Previous studies have indicated that low transfection efficiency can be a major problem when gene inhibition by the use of small interfering RNAs (siRNAs) is attempted in fish cells. This may especially be true when targeting genes of viruses which are fast replicating and which can still infect cells that have not been transfected with the antiviral siRNAs. To increase the amount of antiviral siRNAs per cell a different strategy than transfection was taken here. Thus, we describe carp epithelioma papulosum cyprinid (EPC) cell clones expressing siRNAs designed to target the L polymerase gene of the viral hemorrhagic septicemia virus (VHSV), a rhabdovirus affecting fish. Eight siRNA sequences were first designed, synthesized and screened for inhibition of in vitro VHSV infectivity. Small hairpin (sh) DNAs corresponding to three selected siRNAs were then cloned into pRNA-CMV3.1/puro plasmids, transfected into EPC cells and transformed clones were obtained by puromycin selection. Sequence-specific interference with VHSV could only be observed with EPC clones transformed with a mixture of the three shDNAs, rather than with those clones obtained with individual sh DNAs. However, interference was not specific for VHSV as infection with an heterologous fish rhabdovirus, was also reduced to a similar extent. It was shown that this reduction was not due to an Mx response in the transformed cell clones. Here, we discuss some of the possible reasons for such data and future work directions. EPC clones stably expressing rhabdoviral specific siRNA sequences could be a strategy to further investigate the use of RNA interference for targeting costly fish pathogenic viruses.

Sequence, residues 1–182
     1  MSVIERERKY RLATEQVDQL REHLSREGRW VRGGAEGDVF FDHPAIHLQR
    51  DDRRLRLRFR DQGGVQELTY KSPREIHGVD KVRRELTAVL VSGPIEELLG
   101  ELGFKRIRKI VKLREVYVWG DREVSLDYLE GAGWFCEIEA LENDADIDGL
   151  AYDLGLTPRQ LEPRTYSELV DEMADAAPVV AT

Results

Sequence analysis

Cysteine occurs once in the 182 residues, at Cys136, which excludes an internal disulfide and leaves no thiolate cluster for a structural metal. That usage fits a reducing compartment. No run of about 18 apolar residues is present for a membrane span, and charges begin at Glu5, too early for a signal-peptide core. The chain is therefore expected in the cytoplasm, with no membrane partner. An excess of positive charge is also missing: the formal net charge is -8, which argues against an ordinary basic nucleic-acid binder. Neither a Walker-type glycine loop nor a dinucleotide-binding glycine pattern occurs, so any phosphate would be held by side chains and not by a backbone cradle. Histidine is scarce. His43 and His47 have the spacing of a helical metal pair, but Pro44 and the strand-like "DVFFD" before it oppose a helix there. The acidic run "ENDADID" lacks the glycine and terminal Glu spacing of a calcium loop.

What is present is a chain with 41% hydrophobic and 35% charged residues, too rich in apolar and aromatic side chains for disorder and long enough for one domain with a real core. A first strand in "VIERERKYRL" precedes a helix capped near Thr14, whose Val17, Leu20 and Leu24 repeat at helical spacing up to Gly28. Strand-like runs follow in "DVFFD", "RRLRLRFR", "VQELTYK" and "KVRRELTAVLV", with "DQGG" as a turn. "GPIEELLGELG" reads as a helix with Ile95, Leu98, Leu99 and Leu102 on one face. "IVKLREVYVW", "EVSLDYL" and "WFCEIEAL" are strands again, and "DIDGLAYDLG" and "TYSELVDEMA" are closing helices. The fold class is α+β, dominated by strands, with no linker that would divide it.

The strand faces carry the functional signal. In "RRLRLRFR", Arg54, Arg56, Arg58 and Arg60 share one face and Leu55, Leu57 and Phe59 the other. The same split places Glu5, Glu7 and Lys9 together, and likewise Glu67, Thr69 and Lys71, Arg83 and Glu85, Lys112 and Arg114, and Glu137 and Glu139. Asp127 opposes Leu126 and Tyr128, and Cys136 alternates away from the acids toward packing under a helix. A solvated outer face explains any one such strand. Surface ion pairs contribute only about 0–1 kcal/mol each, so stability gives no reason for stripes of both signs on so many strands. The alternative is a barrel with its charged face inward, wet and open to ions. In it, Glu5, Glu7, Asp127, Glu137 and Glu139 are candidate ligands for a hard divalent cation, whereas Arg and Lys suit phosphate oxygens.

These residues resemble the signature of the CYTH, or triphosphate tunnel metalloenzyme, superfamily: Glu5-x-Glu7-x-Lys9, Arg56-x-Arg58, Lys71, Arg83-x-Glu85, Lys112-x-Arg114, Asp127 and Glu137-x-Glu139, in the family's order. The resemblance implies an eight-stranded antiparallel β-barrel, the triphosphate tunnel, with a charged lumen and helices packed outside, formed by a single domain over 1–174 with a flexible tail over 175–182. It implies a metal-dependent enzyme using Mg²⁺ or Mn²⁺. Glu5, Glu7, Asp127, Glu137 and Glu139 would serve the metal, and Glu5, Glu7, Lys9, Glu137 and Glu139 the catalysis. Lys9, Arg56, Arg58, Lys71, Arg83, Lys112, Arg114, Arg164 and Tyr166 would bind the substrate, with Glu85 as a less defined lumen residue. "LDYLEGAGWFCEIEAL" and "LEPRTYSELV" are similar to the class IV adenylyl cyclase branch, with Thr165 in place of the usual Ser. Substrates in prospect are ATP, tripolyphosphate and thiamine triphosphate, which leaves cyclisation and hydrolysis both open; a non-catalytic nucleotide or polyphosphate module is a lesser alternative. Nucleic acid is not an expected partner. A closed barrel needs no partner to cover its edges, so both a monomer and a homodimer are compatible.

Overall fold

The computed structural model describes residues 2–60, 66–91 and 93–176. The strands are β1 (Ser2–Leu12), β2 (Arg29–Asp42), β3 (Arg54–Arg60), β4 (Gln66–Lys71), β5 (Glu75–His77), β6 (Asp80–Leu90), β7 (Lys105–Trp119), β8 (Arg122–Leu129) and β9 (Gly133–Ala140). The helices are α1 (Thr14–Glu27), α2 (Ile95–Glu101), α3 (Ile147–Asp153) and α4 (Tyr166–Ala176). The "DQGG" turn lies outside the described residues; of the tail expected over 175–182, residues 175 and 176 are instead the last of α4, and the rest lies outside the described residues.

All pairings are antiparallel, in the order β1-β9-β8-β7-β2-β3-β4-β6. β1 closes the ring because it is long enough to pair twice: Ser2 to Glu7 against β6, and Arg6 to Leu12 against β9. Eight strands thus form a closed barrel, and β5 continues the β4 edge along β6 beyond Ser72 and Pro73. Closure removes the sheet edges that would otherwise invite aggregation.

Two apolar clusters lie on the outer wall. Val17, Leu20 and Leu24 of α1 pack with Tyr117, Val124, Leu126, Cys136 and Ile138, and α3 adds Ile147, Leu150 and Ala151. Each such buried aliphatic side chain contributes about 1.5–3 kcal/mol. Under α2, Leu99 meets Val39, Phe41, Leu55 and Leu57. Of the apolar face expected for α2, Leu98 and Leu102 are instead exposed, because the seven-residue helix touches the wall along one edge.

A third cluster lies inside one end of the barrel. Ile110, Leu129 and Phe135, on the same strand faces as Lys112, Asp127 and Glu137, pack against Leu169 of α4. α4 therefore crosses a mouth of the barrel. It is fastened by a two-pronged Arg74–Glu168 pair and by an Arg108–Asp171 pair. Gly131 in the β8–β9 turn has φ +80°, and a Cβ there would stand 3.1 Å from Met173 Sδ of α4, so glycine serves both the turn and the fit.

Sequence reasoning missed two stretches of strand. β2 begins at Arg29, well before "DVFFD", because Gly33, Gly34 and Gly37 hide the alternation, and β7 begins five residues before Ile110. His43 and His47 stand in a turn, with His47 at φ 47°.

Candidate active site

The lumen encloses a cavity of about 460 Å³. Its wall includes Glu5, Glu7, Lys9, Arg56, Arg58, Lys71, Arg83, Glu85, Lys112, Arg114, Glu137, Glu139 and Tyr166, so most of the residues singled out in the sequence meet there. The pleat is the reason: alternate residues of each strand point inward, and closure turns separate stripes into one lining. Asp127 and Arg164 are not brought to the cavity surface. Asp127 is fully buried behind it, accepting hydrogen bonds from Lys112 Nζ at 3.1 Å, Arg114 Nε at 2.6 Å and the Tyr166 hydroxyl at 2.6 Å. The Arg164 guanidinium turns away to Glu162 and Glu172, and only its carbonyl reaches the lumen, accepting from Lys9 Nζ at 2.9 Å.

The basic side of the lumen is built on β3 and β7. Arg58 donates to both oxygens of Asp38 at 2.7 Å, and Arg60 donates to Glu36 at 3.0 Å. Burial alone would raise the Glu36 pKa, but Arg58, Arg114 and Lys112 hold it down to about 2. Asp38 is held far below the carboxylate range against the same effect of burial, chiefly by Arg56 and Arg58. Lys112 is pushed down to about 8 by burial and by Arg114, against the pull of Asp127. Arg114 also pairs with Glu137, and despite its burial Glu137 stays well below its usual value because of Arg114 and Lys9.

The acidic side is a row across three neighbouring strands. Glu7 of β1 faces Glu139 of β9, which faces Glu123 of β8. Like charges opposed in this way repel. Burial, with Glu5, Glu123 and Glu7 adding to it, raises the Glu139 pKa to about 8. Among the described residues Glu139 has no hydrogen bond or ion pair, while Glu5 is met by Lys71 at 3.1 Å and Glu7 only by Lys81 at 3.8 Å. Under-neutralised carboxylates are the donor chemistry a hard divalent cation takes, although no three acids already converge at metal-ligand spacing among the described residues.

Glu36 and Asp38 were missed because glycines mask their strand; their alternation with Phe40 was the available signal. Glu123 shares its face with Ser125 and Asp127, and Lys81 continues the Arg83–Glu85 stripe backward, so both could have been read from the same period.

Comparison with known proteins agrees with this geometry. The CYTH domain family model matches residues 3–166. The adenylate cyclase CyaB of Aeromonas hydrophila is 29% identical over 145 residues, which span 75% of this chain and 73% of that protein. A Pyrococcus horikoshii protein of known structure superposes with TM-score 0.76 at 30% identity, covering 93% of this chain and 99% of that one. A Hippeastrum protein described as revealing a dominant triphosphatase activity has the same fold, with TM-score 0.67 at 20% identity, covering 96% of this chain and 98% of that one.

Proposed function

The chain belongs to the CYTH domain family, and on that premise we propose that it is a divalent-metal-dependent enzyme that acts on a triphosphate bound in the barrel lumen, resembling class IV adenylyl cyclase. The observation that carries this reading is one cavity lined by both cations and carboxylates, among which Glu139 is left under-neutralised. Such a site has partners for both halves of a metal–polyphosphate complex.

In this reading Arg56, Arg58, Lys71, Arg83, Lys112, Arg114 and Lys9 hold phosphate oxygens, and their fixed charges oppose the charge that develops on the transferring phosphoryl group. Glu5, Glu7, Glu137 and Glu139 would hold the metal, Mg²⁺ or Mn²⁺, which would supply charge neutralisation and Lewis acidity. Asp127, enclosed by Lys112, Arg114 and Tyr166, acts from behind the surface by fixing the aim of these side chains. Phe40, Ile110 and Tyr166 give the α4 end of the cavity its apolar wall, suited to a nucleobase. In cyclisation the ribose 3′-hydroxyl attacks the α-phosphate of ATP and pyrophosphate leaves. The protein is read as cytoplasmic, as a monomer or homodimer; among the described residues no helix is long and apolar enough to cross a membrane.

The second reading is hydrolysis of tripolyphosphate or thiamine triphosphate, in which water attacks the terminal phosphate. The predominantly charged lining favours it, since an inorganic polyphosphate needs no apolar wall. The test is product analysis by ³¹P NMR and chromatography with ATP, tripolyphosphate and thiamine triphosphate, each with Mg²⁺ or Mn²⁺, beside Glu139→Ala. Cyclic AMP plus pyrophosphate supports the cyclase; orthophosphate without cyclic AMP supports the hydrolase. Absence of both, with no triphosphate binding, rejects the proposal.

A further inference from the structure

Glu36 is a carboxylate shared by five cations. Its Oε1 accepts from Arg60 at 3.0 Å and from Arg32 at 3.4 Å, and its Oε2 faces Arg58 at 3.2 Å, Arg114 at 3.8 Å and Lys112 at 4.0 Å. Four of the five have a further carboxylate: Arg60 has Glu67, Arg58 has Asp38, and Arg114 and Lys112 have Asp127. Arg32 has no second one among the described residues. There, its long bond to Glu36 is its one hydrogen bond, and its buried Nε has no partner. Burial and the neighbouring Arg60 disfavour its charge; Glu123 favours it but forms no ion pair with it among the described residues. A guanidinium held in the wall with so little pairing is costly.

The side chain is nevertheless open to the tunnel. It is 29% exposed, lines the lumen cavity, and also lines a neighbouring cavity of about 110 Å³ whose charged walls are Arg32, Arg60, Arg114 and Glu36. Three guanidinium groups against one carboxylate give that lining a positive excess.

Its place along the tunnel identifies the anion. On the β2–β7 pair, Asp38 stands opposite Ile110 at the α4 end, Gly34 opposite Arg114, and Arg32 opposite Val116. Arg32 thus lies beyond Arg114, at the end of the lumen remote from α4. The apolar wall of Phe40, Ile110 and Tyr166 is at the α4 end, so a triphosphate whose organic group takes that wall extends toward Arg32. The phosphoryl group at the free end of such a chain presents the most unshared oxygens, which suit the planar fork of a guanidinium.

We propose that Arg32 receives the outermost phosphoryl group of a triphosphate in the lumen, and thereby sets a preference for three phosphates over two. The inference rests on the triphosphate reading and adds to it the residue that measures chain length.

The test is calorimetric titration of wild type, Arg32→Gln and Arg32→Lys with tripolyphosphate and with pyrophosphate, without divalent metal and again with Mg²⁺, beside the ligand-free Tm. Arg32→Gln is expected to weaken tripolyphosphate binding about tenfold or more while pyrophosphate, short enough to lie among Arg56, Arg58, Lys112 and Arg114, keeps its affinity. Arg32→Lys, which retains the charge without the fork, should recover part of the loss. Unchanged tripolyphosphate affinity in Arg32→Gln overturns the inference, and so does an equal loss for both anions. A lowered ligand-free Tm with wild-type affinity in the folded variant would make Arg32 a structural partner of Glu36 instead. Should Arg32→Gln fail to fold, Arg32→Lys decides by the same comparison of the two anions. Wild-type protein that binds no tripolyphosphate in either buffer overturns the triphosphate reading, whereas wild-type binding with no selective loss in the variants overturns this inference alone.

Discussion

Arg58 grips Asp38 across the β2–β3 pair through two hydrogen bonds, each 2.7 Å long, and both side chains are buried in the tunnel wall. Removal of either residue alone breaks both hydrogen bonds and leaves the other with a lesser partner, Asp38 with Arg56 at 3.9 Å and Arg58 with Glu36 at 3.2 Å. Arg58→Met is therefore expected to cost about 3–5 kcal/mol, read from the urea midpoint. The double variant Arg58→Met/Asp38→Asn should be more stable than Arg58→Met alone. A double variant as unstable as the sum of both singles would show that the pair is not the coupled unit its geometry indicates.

- fish cell lines